Insight is the University of Cumbria’s institutional repository and was first launched in 2009. It is the robust and sustainable online home for research outputs produced by researchers and staff* at the University of Cumbria. Providing unrestricted access to research output metadata and, wherever possible, full-text manuscripts, publicly showcases the work of the University and maximises the social and academic impact of its research activity.
Researchers can deposit their outputs into Insight themselves; the library no longer deposits on researchers’ behalf. Researchers are encouraged to deposit published outputs at the point of acceptance and update records throughout the publication process. Non-published outputs can be deposited as soon as they are created.
Making outputs openly accessible in Insight fulfils the requirements of many funding bodies including Research Councils UK and the Wellcome Trust, as well as HEFCE’s open access policy for submissions to the post-2014 REF.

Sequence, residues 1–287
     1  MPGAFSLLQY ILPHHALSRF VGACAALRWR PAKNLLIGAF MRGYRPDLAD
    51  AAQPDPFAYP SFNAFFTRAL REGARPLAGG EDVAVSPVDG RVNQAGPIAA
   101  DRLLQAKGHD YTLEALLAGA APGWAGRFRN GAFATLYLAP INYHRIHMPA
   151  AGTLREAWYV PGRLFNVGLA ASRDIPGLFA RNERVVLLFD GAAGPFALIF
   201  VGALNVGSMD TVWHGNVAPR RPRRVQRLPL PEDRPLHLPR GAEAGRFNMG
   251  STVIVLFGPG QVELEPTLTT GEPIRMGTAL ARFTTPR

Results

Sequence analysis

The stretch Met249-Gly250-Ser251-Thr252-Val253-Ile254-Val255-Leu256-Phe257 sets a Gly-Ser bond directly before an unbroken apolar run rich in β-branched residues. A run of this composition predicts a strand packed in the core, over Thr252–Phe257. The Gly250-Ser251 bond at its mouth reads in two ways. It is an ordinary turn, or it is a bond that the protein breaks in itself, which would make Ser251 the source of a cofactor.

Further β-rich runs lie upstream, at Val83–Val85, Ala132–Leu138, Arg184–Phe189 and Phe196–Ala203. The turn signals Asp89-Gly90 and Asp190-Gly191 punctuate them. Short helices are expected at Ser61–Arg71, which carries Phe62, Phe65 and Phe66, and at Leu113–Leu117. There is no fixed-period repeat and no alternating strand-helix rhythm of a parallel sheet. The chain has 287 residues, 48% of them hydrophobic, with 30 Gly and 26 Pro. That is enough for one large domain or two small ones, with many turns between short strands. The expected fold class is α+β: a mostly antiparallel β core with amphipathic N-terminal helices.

Insight conforms to the Open Archives Initiative Protocol for Metadata Harvesting, enabling inter-operability with other data providers.
*including postgraduate research students and honorary and visiting academics
About open access:
The University of Cumbria’s Open Access Policy requires its staff to make their research outputs publicly discoverable via Insight. For published articles, deposit should be made at the point of acceptance (Insight staff will check publisher copyright restrictions on researchers’ behalf).
The University of Cumbria favours the ‘green’ open access route, which enables authors to publish in any journal and to deposit a version of their article, typically their final, accepted, peer-reviewed manuscript, into Insight.
The benefits of OA are widespread:
Visibility and discoverability - open access repositories, such as Insight, are optimised to allow for better indexing in popular search engines, including Google and Google Scholar, so open access material is more likely to be found, read and cited
Transparency - open access encourages collaboration and benefits researchers working independently, where journal subscription costs can prevent access
Compliance - most research funders now mandate open access for funded research outputs and HEFCE now requires outputs be made open access in order to be eligible for the next REF.